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G20 governance initiatives are laudable, yet largest stimulus in history requires transparency

Transparency International (TI) welcomes the Group of 20 decision to prioritise transparency as a means to curb systemic risks in the global financial and economic system and to provide a stimulus that also extends to the developing world.

“Agreeing to tackle opacity and to establish a new global governance body in the form of the Financial Stability Board announced today, is the kind of decisive action that we expected from this summit,” said Huguette Labelle, Chair of Transparency International. “In the long term, however, the G20’s initial steps towards transparency must be taken beyond the corridors of power and properly implemented, with input from civil society”, said Labelle.

As the direction set by the G20 summit is taken forward, it is essential for the largest macro-economic stimulus in history to include effective safeguards, with transparency, accountability and integrity at the forefront, in all aspects, particularly related to the public management of taxpayers’ funds.

The newly announced Financial Stability Board, tasked by the G20 to provide an early warning mechanism, should have accountability, integrity and transparency at its core. Civil society participation on the FSB would be one of many steps required for its success.

A reform of the “shadow banking system”, as UK Prime Minister Brown termed hedge funds along with credit rating agencies, would require a strong dose of transparency. TI has called for governance measures in this area to extend whistle-blowing procedures and protection to anonymous information on excessive risk-taking, as a key focus.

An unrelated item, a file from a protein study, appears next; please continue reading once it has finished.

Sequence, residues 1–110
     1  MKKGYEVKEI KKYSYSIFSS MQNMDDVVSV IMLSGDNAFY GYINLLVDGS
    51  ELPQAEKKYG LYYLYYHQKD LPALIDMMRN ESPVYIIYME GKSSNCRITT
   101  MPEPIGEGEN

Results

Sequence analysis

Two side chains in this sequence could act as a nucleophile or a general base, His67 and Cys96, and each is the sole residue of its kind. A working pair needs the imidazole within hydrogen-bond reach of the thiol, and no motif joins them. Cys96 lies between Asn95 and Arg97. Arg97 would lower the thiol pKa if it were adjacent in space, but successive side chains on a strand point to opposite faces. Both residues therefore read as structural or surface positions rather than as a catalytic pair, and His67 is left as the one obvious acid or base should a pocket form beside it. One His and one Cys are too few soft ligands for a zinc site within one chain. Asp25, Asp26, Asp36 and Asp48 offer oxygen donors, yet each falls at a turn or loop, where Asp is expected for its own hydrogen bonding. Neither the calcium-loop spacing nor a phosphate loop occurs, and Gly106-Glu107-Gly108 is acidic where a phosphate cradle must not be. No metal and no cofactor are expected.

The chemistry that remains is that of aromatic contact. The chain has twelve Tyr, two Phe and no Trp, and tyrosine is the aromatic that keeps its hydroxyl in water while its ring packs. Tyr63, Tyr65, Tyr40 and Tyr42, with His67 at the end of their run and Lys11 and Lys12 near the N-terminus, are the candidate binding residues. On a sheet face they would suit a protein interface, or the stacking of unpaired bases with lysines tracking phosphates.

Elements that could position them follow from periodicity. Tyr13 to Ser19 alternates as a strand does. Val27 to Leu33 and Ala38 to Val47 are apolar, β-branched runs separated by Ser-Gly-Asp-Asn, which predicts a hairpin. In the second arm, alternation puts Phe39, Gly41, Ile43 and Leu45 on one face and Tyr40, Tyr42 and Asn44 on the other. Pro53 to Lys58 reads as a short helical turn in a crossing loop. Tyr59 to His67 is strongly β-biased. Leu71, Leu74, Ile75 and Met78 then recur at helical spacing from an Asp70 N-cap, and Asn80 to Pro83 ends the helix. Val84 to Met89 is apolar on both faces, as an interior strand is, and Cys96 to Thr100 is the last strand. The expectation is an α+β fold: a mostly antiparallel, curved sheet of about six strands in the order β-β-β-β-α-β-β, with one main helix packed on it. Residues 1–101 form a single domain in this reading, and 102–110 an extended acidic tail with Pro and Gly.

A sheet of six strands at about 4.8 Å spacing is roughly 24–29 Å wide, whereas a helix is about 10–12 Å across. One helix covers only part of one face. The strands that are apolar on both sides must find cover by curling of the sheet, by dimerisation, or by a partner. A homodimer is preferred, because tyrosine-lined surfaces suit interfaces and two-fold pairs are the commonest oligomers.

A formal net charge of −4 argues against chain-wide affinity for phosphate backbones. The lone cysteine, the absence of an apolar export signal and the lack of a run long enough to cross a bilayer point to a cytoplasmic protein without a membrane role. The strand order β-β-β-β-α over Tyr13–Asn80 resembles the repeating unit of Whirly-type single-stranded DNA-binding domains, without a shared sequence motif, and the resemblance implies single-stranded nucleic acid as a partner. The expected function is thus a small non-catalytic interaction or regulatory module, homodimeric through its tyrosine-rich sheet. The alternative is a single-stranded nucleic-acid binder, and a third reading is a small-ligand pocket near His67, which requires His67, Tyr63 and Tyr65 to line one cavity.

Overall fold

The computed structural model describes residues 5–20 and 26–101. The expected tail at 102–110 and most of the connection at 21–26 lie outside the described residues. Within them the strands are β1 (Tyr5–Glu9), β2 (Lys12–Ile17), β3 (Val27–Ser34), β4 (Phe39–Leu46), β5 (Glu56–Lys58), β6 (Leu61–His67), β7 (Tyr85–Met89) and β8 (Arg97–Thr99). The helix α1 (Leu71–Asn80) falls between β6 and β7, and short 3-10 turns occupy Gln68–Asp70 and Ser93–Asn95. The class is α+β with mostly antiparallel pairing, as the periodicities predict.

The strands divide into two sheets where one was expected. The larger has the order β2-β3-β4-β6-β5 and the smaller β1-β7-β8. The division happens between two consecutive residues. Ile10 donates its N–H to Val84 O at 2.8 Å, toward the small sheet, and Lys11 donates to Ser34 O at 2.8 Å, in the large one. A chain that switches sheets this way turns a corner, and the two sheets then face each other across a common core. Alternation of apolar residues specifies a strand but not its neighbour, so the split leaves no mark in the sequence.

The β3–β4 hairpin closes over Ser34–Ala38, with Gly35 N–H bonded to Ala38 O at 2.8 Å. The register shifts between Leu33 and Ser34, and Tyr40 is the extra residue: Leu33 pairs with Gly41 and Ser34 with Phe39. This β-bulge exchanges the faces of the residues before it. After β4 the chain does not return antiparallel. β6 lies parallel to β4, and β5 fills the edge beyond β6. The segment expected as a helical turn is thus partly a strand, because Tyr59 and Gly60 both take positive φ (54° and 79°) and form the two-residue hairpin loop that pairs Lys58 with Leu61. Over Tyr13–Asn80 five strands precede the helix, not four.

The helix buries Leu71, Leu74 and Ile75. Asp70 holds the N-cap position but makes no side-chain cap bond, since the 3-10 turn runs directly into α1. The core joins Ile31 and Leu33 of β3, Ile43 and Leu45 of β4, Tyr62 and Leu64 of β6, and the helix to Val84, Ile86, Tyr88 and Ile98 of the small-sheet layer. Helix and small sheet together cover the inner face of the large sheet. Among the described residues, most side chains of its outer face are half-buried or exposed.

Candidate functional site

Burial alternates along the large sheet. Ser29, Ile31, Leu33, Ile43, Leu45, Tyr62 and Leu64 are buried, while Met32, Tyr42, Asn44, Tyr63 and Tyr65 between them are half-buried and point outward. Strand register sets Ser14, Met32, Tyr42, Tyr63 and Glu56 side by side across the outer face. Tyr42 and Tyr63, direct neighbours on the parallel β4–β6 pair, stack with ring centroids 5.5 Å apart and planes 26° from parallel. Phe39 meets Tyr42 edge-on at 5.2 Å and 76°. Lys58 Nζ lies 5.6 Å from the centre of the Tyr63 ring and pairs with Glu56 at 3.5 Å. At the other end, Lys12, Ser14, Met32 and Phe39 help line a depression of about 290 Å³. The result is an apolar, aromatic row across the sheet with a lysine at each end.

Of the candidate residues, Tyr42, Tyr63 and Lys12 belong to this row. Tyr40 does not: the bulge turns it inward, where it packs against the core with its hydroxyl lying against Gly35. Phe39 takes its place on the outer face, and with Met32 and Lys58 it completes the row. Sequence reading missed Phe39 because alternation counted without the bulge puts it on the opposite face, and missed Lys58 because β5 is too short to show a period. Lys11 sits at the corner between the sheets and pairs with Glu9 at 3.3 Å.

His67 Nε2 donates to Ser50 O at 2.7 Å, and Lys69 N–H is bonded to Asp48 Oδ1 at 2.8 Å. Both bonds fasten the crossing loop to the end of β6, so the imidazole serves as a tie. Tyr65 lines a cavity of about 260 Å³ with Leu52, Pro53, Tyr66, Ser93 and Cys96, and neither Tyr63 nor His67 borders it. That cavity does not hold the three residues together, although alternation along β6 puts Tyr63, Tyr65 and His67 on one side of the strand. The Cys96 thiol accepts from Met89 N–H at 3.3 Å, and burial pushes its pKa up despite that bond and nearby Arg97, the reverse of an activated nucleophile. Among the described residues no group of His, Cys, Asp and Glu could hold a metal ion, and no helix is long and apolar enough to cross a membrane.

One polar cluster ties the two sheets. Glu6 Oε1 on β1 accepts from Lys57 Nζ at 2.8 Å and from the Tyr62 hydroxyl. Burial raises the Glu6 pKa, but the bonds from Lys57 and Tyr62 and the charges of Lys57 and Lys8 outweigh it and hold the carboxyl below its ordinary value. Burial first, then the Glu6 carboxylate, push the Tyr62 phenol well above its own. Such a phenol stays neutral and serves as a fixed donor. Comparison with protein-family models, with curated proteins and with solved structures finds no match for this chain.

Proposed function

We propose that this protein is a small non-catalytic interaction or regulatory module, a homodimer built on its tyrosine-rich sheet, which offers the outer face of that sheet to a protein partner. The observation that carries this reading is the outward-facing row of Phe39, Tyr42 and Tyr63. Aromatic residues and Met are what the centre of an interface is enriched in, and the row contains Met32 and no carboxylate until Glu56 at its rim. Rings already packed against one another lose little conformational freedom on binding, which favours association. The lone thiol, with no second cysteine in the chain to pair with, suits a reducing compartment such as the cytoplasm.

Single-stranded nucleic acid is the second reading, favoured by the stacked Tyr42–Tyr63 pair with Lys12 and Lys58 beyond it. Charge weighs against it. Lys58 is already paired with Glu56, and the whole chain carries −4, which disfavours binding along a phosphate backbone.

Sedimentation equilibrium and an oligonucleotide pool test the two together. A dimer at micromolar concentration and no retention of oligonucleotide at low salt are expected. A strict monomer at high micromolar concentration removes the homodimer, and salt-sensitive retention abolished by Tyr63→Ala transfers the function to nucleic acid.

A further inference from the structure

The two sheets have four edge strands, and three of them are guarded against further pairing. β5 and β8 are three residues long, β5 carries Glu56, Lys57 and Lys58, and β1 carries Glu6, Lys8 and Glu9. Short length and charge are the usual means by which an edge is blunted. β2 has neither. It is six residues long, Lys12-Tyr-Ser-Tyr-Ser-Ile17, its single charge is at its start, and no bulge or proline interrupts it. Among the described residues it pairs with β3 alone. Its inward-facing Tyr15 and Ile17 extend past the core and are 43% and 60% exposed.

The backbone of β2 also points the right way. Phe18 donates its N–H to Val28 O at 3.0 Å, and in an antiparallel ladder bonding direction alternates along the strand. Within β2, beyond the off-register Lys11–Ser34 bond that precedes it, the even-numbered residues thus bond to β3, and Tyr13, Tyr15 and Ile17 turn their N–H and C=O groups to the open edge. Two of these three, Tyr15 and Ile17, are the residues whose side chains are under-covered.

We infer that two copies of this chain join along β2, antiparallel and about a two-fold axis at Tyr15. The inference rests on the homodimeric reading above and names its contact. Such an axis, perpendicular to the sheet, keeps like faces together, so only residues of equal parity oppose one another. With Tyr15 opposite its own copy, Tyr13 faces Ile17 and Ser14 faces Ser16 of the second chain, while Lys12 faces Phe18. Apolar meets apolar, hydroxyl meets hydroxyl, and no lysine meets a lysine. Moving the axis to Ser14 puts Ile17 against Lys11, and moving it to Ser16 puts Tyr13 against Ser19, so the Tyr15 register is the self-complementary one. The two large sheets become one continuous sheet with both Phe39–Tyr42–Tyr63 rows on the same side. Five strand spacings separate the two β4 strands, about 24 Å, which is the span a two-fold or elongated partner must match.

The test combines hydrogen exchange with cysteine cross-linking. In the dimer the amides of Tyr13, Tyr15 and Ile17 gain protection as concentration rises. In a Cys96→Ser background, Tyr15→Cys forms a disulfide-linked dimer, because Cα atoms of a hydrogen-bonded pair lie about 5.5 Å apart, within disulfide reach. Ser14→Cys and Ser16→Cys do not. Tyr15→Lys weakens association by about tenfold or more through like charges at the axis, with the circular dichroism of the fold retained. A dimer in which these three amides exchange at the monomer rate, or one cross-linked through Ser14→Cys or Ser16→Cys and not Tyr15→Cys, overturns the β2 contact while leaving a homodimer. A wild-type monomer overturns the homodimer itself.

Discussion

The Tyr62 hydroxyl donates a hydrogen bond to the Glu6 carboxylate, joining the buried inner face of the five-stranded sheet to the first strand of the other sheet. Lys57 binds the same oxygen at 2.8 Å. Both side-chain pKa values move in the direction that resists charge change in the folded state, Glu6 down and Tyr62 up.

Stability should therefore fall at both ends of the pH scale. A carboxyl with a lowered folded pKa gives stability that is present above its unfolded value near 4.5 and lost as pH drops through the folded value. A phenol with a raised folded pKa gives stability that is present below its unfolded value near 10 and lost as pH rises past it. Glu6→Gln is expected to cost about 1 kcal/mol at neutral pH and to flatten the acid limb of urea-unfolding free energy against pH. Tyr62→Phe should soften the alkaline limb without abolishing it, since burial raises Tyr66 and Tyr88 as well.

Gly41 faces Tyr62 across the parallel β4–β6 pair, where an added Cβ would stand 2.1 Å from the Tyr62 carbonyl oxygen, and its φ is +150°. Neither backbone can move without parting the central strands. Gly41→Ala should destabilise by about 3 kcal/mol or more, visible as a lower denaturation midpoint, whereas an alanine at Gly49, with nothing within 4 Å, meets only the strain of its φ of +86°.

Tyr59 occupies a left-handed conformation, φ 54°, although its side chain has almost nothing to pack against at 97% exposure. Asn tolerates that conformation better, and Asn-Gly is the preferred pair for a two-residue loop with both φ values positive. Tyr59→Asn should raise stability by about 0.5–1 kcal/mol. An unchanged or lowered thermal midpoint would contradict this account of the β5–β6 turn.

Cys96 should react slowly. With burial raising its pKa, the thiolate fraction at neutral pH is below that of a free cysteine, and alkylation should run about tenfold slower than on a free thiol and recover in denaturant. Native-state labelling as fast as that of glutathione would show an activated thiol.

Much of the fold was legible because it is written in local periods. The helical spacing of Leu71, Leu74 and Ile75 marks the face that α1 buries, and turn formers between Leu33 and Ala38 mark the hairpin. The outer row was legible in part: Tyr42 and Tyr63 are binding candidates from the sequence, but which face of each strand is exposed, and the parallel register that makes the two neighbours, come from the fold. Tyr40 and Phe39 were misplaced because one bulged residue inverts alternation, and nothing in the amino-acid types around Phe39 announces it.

The nefarious role of tax havens as places where illicit gains can be stashed, has been rightly addressed by this summit. TI expects that the G20’s bold statement declaring the end of banking secrecy will go beyond a blacklist to include international cooperation and the actual recovery of assets looted from poor countries. The key priority now is for the G20 to follow up and implement their commitments. A vital first step is legislation and tax treaties in line with OECD standards.

Stabilising and reviving the global economy must be the short-term priority, but the bigger agenda – with broader opportunities – requires ensuring that the new regulatory order be rooted in transparency and accountability. The G20 has taken initial steps to use that window of opportunity and TI looks forward to civil society involvement.

Transparency International made specific recommendations to the G20 to restore public trust in the global economy and give back hope to the millions of people facing an unstable future. The recommendations –many of them reflected in the summit communiqué- covered a range of issues, from the use of public funds in ‘bail-out’ programmes to strengthening the role of development banks and regulatory authorities.

The three aims of this G20 Summit -stabilising financial markets, strengthening the global and economic systems and setting a path for sustainable growth- cannot be achieved without addressing a key root cause of the current meltdown, namely a severe lack of basic governance measures, transparency and accountability.


Transparency International is the global civil society organisation leading the fight against corruption

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